PyroLife Innovative Training Network held a total of multidisciplinary 15 webinars during confinement within the PyroLife Project. During these online sessions online courses international experts on wildland fires shared their knowledge, while also paying close attention to local and traditional fire knowledge and the cultures that revolve around fire.
PyroLife Symposium Participants
The international panelists shared their experience with the more than 400 people registered every Wednesday from different parts of the globe. Although PyroLife's focus is on knowledge sharing within Europe, these webinars included experiences and lessons from virtually every continent. From the academic field, key universities such as Wageningen University, University of Trás-os-Montes & Alto Douro, University of Wollongong, And the Universitat Oberta de CatalunyaLikewise, institutions aimed at research, policy and action shared their wisdom, such CREAF, Arup, Tecnosylva, FAO, European Forest Institute, New Zealand Forest Research Institute, Pau Costa Foundationand CERIDES
For an hour and a half the experts and virtual assistants were able to dialogue and express their curiosities, concerns or doubts about the different topics presented. Some key concepts that stood out over the past eight weeks included the diversities that exist in fires. The experts described differences and overlaps in southern and northern European contexts, and which one is it , and important particularities in ecosystems and social structures, especially in the context of climate change.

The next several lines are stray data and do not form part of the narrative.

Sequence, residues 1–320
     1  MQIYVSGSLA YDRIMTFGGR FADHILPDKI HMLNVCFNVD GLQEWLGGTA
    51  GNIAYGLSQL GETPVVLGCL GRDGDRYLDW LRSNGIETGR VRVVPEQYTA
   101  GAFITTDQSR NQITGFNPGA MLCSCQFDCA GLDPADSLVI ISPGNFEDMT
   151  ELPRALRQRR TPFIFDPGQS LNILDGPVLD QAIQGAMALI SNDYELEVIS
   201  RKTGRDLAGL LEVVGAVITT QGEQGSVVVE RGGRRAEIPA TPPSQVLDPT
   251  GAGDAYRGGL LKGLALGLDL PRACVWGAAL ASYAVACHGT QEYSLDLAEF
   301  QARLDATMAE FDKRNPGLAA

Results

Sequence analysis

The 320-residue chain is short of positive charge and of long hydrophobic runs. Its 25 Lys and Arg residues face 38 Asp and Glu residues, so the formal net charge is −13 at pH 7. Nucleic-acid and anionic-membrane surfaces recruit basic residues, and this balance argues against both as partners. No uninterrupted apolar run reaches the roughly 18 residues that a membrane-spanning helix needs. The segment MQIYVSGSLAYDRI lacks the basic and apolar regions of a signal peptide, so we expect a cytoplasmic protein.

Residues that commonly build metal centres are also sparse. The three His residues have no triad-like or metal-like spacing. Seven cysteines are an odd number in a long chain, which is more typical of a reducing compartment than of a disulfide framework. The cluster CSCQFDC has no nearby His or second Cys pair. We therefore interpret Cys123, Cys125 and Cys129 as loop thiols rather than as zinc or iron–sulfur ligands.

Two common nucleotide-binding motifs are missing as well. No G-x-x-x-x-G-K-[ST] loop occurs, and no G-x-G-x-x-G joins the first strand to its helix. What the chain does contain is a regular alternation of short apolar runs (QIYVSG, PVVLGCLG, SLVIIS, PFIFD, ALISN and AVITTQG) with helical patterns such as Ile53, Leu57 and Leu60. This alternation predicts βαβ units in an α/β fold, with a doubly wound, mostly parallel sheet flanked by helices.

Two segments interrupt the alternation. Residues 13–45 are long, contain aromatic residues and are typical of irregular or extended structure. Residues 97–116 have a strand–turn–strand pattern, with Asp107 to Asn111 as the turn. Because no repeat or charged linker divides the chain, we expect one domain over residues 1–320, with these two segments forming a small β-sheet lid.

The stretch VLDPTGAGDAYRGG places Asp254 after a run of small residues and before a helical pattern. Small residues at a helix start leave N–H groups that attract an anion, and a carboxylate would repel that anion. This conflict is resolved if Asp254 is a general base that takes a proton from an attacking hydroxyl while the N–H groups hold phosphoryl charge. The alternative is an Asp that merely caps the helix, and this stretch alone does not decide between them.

Instead, other panellists wanted to delve into how to prepare cities and landscapes to deal with today's fires, using appropriate technologies. Researchers from the Netherlands also shared their experience on “living with water” and managing flood risks. In addition, they offered perspectives on what participatory strategies may be relevant to other places by learning to “live with fire. Therefore, the question was almost forced; if in some countries like Holland you can live with water, “live with fire". They posed a necessary question: if some countries can learn to live with water, why can't we learn to live with fire, too?
We also learned about indigenous fire knowledge from Australia and New Zealand, and particularly the important role of women in cultural burns. cultural fireMeanwhile, perspectives from Catalonia and the US brought us closer to translating the language of research into the operational field and society. This also has important implications for how to involve and empower a very complex public in managing risk in their own communities. Lastly, we considered the transversal role of politics in our fire-prone ecosystems, and the urgency of more effective policies at local and European levels..
Thanks to these webinars, I reckon we are forming closer links between the operational world and research a considerable challenge that continues today. Additionally, I believe we are slowly progressing toward a more widespread awareness of living with fire rather than fighting against it, encouraging one open mind at a time.
Watch the webinars here
Each PyroLife Symposium presentation was recorded, so you can watch them whenever you want. Also, I encourage you to read the reflections written by the Early Stage Researchers for each presentation, they are worth it! You can take a look here.
On the other hand, I would like to announce that starting this Fall there will be a monthly PyroLife webinar, which will last throughout the project's four year duration. More international experts, professionals, stakeholders and land stewards will be invited to share their knowledge. I wish to express my sincerest gratitude to be part of a project like PyroLife Project which thrives on the collaboration of so many diverse, creative and enthusiastic change-makers.